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Rhubarb

Why use it and where to use it.

asked by SKK over 5 years ago
8 answers 1662 views
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hardlikearmour

hardlikearmour is a trusted home cook.

added over 5 years ago

Why? Because it's delicious!
Where? I love rhubarb in crisps & pies personally.

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added over 5 years ago

I usually make at least one strawberry-rhubarb cobbler each year. I like tartness so the combination is perfect for me. Of course the rhubarb is sugared up. There is something about the taste that is like a spring tonic to me. I'd like to use it more. I might make a compote to stir into yogurt. And I've seen it used in savory dishes such as pork roast that sounds good to me.

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Greenstuff

Chris is a trusted source on General Cooking

added over 5 years ago

I've been cooking rhubarb for more than 50 years, and there's still lots to learn! Last night I made an end-of-winter, peek-into-spring, savory rhubarb and rabbit that still has me dancing. Last summer in Sweden, I had a crunchy (!) rhubarb dessert with cardamom and yogurt that thrilled me all over again when I made something like it back here at home. It's a vegetable and a fruit. It's all sour but can be sweet. It can have form, or (like last night's rabbit) it can melt into a sauce.

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added over 5 years ago

Growing up we had a simple rhubarb compote from stalks that grew right outside our kitchen, and strawberry and rhubarb pies.

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added over 5 years ago

Traditionally rhubarb was one of the first things that came up in the garden, so it was an important spring food product. I cannot imagine going all winter without any fresh fruits or vegetables. I would have gobbled up all the rhubarb I could get my hands on. It's great both sweet or savory. I've made a salsa verde using rhubarb instead of tomatillos which turned out great.

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added over 5 years ago

I agree with all the above. In addition, I like to stew rhubarb and serve it like you would applesauce as a side dish. Coarsely chop the rhubarb (in big enough chunks that it all will not disintegrate). Add sugar to taste and simmer until it's cooked down into a chunky sauce. I often add apples, oranges, ginger, nuts, berries...mix and match...whatever I have on hand. This is great with pork and I love it dolloped on oatmeal in the morning.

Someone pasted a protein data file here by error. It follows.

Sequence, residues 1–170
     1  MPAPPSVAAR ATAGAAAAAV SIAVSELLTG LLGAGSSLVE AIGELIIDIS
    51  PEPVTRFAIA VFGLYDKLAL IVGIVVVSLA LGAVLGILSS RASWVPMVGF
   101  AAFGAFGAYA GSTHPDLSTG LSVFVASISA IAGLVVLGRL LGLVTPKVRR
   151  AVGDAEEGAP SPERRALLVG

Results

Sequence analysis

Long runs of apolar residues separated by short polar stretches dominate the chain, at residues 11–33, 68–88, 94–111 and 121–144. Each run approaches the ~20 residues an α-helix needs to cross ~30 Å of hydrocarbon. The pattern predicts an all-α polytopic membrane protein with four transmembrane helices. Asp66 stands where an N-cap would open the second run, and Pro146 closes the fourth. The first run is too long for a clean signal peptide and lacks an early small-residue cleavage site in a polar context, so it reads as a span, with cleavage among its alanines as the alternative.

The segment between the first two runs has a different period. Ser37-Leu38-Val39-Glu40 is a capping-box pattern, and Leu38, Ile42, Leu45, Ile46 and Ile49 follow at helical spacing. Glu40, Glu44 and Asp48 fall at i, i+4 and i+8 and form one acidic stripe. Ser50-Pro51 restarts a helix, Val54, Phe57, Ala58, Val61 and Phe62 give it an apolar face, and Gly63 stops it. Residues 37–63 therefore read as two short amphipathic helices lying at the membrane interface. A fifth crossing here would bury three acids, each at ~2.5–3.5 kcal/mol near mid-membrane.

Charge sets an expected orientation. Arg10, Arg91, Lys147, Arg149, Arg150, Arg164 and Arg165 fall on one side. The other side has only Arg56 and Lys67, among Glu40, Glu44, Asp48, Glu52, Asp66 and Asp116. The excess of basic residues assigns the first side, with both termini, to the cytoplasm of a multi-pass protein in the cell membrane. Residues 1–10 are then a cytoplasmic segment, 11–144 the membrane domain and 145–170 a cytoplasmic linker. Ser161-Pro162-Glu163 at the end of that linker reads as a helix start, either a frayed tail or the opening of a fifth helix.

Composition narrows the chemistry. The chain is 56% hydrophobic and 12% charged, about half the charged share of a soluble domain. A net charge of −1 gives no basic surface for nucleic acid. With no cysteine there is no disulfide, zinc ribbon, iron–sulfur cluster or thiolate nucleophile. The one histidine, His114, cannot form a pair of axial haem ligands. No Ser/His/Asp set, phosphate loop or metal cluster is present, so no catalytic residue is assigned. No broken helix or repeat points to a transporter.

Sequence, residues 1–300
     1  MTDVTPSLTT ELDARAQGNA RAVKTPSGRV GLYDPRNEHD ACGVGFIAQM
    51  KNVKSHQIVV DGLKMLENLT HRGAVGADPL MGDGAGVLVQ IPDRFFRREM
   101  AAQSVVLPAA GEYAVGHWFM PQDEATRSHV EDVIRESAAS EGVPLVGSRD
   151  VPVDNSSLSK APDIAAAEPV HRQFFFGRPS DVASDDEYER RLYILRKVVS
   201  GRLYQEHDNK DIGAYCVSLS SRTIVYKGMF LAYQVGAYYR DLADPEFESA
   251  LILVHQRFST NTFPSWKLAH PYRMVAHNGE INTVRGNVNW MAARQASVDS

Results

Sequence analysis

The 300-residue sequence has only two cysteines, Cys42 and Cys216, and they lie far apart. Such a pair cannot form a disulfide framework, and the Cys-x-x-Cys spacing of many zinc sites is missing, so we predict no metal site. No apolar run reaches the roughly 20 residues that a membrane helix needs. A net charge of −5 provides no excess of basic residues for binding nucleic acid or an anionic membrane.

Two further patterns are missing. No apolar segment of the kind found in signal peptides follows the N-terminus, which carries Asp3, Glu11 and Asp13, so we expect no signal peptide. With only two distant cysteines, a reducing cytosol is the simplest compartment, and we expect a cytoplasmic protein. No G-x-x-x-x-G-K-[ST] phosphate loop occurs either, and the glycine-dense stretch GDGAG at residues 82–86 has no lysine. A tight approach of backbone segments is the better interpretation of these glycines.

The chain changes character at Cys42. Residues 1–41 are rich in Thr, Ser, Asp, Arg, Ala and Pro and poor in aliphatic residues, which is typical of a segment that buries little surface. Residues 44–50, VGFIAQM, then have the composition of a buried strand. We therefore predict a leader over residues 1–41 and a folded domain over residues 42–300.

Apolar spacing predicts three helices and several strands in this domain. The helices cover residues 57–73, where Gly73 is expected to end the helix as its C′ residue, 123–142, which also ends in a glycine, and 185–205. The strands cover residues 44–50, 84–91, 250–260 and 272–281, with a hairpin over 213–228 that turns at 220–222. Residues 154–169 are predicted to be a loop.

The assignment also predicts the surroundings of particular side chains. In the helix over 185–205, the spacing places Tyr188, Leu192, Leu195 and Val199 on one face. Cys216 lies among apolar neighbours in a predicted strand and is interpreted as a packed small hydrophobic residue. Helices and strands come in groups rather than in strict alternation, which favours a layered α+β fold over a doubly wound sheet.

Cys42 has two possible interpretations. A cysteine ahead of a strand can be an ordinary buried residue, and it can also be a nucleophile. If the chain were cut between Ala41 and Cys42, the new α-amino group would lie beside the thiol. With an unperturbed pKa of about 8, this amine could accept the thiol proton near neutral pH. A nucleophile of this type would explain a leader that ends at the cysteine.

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added over 5 years ago

I love rhubarb in many incarnations. When it is in season, I make go on a rhubarb love-fest, making rhubarb snack cake, rhubarb muffins, rhubarb and strawberry crisp, rhubarb fool, you name it. Rhubarb is also delicious in savory applications. Jamie Oliver has a recipe where you roast pork on top of a bed of rhubarb. http://www.suite101.com... The only addition that I would make to this is add a little sweetener to the rhubarb before roasting. Otherwise, it is pretty tart. There are more rhubarb recipes in Oliver's cookbook, Jamie at Home. Nigella Lawson's cookbooks also feature a multitude of rhubarb recipes. Also, do checkout this food52 link. http://www.food52.com/recipes... Last year the site hosted a rhubarb contest. The winning recipe Rhubarb Curd Shortbread is really divine!

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added over 5 years ago

I made a lovely rhubarb drink a couple summers ago.

Persian Rhubarb drink

This one is made from a syrup, or sherbet in Persian. And now’s the time, since rhubarb is in season. You can also pick lots of rhubarb, chop it, and freeze for a later date. The frozen rhubarb gets a little mushy, so it’s not ideal for pie or crisp, but great for something like this drink.

1 1/2 pounds rhubarb, trimmed and chopped in 1/2 inch pieces
1/2 cup water
2 1/4 cups sugar
1 cup fresh lime juice
fresh mint sprigs

In a stainless steel saucepan, bring the rhubarb and water to a boil, cover, lower heat and simmer for about 1/2 hour. Strain, discard the fiber, and return to the pan, with the sugar and lime juice. Simmer on low heat, stirring until sugar is dissolved. Simmer another 1/2 hour, until it looks syrupy. Strain into a glass bowl and cool.

To make the drink, combine about 1 cup syrup with 4 cups ice water, stir, and taste. If it’s too strong, add more water, and add more syrup if you like it stronger. Pour over into ice-filled cups and add a sprig of mint.